Figure 1: (a) Right eye slit lamp photograph showing a posterior subcapsular lens deposit surrounded by a clear lens. (b) High magnification slit lamp photograph highlighting a yellowish rounded different sized deposits with well defined limits

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Figure 2: A high-magnification slit-lamp photograph showing a decrease in the number of the posterior subcapsular lens deposits becoming whitish, respectively, in the right eye (a) and in the left eye (b) 10 months after the beginning of the corticosteroid associated with the immunosuppressive therapy

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  Discussion Top


MPGN is a rare and progressive renal disease that can cause end-stage renal failure. It usually presents in early adulthood, and patients with DDD often develop drusen-like deposits in the second decade of life, but visual loss can also occur at older ages.[4] The systemic nature of type II MPGN is illustrated by the fact that dense deposits on electron microscopy may also be found in the spleen, choriocapillaris, and Bruch's membrane of the eye, and by the fact that the disease has a tendency to recur in allografts.[5],[6] This could be explained by the fact that the eye is composed of different basement membranes (BMs) that are at the level of the cornea, the lens capsule, and the retina. The lens capsule BM has been identified as one of the thickest BM in the body.[7] It is therefore very likely that deposits found on the glomerular BM could be found in one or more of these structures as well. The most frequent ocular manifestations reported are at the posterior pole, represented mainly by the drusens especially in complement-mediated MPGN.[8],[9] Association between drusen and DDD has been known for decades, but that with Ig-mediated MPGN has been very rarely reported. Anterior segment involvement is unusual; one case described a cloudy cornea and arcus juvenilis in a DDD due to dyslipidemia induced by the nephrotic syndrome related to the MPGN.[10]

To the best of our knowledge, this is the second case report of ophthalmological involvements at the anterior segment in an Ig-mediated MPGN, but the first case report of capsular lens deposits in a child with Ig-mediated MPGN that responded to immunosuppressive treatment. All patients with complement-mediated MPGN should be examined by an ophthalmologist for a baseline dilated eye examination at the time of diagnosis. Although ophthalmologic involvement in Ig-mediated MPGN seems very rare with a much lower risk of vision loss than those with complement-mediated MPGN, ophthalmologists should continue to examine carefully all patients with MPGN for ophthalmologic pathologic features.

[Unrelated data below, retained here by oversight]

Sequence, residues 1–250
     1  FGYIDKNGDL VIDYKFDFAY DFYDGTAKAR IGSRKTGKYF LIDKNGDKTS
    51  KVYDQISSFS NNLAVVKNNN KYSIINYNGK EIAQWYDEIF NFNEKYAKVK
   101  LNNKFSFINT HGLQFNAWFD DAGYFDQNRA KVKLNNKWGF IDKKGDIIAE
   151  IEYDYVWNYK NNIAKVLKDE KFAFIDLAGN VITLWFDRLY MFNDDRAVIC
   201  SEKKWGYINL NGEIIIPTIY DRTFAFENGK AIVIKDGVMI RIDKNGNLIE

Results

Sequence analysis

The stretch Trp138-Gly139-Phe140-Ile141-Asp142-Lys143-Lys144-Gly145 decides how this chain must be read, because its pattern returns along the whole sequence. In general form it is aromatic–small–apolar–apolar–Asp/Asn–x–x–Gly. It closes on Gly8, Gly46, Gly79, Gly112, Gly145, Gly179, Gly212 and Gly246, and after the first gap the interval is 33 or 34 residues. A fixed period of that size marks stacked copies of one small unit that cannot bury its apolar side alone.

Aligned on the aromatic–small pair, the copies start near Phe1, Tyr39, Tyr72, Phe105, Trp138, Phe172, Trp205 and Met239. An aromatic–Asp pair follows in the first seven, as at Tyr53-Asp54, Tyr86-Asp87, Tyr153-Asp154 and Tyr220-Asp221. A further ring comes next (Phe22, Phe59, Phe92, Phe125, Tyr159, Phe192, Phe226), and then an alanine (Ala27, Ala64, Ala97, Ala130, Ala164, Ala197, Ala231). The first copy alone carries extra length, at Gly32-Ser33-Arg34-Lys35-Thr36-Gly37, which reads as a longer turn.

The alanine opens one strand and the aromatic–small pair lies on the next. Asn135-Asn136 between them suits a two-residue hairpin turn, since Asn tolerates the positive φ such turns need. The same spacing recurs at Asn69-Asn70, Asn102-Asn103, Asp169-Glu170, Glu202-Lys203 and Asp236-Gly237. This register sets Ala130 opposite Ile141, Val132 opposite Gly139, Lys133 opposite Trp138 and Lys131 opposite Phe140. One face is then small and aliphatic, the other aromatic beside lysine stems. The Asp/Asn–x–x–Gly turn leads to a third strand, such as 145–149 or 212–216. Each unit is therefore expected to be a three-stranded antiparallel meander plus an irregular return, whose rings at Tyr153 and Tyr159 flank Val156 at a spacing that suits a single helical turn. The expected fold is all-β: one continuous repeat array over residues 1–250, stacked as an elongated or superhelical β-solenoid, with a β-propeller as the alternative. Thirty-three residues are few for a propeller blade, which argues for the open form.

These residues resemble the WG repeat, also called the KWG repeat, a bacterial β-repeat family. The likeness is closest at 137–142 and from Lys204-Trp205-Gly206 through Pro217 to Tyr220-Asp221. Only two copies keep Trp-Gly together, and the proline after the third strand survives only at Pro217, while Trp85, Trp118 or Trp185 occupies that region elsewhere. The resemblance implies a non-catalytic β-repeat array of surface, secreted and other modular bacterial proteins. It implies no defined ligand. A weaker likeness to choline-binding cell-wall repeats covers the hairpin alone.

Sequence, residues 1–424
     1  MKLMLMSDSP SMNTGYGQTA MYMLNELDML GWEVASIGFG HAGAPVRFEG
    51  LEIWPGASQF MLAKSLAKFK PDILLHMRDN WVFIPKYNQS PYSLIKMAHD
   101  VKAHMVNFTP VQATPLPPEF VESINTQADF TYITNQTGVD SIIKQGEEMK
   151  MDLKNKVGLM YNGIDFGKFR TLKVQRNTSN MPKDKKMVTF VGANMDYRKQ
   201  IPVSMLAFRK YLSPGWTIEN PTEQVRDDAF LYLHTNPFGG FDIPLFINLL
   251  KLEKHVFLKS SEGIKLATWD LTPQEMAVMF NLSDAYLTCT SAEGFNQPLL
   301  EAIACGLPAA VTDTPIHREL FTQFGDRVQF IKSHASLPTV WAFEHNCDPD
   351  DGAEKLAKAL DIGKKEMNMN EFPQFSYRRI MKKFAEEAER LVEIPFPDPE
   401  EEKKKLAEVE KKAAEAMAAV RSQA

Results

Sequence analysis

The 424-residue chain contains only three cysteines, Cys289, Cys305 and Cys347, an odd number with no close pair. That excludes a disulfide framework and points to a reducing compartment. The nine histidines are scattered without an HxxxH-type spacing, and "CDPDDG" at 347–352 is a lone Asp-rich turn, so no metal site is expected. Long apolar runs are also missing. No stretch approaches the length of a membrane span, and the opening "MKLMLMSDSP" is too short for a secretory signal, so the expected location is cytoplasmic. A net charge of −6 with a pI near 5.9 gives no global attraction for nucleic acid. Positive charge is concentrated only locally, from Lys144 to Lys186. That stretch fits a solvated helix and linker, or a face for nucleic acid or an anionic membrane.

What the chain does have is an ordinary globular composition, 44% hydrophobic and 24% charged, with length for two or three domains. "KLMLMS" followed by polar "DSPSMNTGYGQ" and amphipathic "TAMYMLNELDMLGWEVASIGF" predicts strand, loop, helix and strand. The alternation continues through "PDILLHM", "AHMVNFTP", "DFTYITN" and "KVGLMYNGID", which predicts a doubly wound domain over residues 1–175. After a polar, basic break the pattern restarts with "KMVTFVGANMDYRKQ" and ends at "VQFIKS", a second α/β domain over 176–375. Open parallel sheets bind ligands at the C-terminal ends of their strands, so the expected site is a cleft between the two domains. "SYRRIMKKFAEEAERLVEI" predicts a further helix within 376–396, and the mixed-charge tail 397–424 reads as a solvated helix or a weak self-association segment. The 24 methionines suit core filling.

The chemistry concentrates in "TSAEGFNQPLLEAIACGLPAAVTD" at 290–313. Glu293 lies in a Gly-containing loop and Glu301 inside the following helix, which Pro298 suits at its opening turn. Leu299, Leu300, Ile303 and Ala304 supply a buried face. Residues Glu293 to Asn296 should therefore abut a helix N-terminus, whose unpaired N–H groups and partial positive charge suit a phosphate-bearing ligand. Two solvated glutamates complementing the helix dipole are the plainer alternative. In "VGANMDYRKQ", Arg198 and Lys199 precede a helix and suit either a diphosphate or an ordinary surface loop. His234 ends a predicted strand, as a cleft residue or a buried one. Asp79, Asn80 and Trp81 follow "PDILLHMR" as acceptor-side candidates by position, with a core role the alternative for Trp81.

Conclusion Top


Although drusens are by far the most common ocular manifestation of MPGN reported mostly in older patients compared with our case, anterior segment examination should be considered because it may be possible to intervene and prevent deterioration of visual acuity.

Declaration of patient consent

The authors certify that they have obtained all appropriate patient consent forms. In the form the patient(s) has/have given his/her/their consent for his/her/their images and other clinical information to be reported in the journal. The patients understand that their names and initials will not be published and due efforts will be made to conceal their identity, but anonymity cannot be guaranteed.

Financial support and sponsorship

Nil.

Conflicts of interest

There are no conflicts of interest.



 
  References Top

1.
Orth SR, Ritz E. The nephrotic syndrome. N Engl J Med 1998;338:1202-11.  Back to cited text no. 1
    
2.
Cook HT, Pickering MC. Histopathology of MPGN and C3 glomerulopathies. Nat Rev Nephrol 2015;11:14-22.  Back to cited text no. 2
    
3.
McAvoy CE, Silvestri G. Retinal changes associated with type 2 glomerulonephritis. Eye 2005;19:985-9.  Back to cited text no. 3
    
4.
Colville D, Guymer R, Sinclair RA, Savige J. Visual impairment caused by retinal abnormalities in mesangiocapillary (membranoproliferative) glomerulonephritis type II (”dense deposit disease”). Am J Kidney Dis 2003;42:E2-5.  Back to cited text no. 4
    
5.
Kim DD, Mieler WF, Wolf MD. Posterior segment changes in membranoproliferative glomerulonephritis. Am J Ophthalmol 1992;114:593-9.  Back to cited text no. 5
    
6.
Michielsen B, Leys A, Van Damme B, Missotten L. Fundus changes in chronic membranoproliferative glomerulonephritis type 2. Doc Ophthalmol 1991;76:219-29.  Back to cited text no. 6
    
7.
Danysh BP, Duncan MK. The lens capsule. Exp Eye Res 2009;88:151-64.  Back to cited text no. 7
    
8.
Dalvin LA, Fervenza FC, Sethi S, Pulido JS. Manifestations of complement-mediated and immune complex-mediated membranoproliferative glomerulo-nephritis: A comparative consecutive series. Ophthalmology 2016;123:1588-94.  Back to cited text no. 8
    
9.
Dalvin LA, Fervenza FC, Sethi S, Pulido JS. Shedding light on fundus drusen associated with membranoproliferative glomerulonephritis: Breaking stereo-types of types I, II, and III. Retin Cases Brief Rep 2016;10:72-8.  Back to cited text no. 9
    
10.
Sahay P, Pandya I, Maharana PK, Titiyal JS. Cloudy cornea with Arcus juvenilis in a case of dense deposit disease. BMJ Case Rep 2018;2018:2018224545.  Back to cited text no. 10